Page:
Support for Exterior Masonry Chimney

-Yesterday’s inspection: A masonry chimney has been added to an approximately 100 year old home. It is plumb, straight, solid, with no signs of movement or cracking. I would guess it to be about ten years old. I always recommend a chimney inspection by a qualified Chimney Specialist before using a chimney.
But- my concern is the structural aspect of the chimney. Even though it otherwise appears solid, there is no visible means of securing it to the home. There are no visible straps, guy-wires, ties, etc. It projects about 10-12 feet above the eaves.

I don’t have to meet with my client 'til tomrorrow, but am having a hard time finding the codes for this. Can anyone direct me to those, or offer input?

-Hope this picture works- I’m a little green at posting, resolution, etc.- bear with me. If it doesn’t, could someone send me the link to the tutorial for pictures?


Bill, Below is what we require here in Ontario. Probably doesn’t help you much but maybe its a start. Lateral Stability
**(1) **Except as provided in Sentence (2), chimneys shall be braced in accordance with Subsection 4.3.2. to provide stability under wind loads.
**(2) **A chimney need not be laterally braced provided,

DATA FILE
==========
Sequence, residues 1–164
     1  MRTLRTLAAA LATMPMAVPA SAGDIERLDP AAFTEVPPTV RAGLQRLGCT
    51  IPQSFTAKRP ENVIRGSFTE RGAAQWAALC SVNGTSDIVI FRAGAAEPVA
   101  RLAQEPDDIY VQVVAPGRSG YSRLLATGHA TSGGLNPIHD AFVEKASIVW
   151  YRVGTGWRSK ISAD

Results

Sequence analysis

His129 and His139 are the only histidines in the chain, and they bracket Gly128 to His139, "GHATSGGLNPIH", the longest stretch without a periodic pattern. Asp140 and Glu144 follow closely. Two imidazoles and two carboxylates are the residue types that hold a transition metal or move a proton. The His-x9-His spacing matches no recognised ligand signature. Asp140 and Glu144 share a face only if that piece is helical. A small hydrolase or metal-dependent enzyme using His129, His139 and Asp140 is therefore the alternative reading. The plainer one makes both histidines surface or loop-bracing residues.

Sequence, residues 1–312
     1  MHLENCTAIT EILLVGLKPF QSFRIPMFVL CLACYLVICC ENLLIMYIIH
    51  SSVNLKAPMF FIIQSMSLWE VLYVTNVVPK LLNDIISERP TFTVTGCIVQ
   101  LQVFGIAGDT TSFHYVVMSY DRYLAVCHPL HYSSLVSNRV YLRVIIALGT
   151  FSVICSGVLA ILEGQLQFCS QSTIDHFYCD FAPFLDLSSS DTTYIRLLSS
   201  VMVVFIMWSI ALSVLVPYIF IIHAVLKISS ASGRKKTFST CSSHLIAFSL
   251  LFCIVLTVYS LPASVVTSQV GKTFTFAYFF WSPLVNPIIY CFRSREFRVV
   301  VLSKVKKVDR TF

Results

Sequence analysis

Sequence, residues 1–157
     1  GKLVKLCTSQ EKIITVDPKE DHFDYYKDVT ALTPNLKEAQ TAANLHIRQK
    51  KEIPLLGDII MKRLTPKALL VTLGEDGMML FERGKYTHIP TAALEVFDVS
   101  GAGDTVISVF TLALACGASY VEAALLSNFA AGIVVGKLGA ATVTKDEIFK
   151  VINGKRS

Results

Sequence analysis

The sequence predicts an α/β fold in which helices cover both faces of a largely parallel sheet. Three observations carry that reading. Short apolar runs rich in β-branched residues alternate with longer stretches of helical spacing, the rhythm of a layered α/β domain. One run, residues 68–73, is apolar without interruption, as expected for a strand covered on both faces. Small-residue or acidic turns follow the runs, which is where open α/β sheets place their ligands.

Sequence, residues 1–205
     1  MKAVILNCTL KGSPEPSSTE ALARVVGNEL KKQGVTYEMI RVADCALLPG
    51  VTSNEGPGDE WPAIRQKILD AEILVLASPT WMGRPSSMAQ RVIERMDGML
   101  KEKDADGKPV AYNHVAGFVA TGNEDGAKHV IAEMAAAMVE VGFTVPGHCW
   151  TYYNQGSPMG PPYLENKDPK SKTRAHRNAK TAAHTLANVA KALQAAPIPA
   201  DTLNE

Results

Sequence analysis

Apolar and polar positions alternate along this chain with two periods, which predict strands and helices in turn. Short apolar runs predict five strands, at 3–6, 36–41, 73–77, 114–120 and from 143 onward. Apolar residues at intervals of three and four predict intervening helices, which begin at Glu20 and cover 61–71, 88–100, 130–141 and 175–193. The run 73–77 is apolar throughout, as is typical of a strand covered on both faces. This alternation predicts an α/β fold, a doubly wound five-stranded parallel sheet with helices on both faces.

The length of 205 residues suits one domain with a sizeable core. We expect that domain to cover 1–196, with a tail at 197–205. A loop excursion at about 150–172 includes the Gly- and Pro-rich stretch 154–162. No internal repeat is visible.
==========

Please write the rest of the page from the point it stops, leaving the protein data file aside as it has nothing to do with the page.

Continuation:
(a) no horizontal outside dimension is less than 400 mm (1’3”), and
(b) the chimney extends not more than 3.6 m above a roof or the masonry wall of which it forms a part.

Some information in Chapter 10 of the IRC might help you out a bit.

And also here in this link might be some usefull information for you.

And here is a very good reference if you have not seen it.

Verifying for anchorage of a chimney is a little difficult and if your concern is how it is anchored, well , mention it or note it to be a reccomended evaluation.

Hope this helps a little.

Marcel :slight_smile: :smiley:

Thanks Guys-

From Paul’s reply (according to Ontario standards), it looks like the chimney could extend as much as 11.8 ft above the highest point anchoring it to the home, without requiring bracing. Also, the chimney would have to be at least 15 inches thick(which it is).
Regarding the presence of wall-ties- (and since our U.S. codes might differ) I think I’ll go with Marcel’s advice and recommend further evaluation.

But, **Thanks Again, Guys ! [size=2]for the speedy and valuable feedback

**Bill Hubbell
Integrity Home Inspection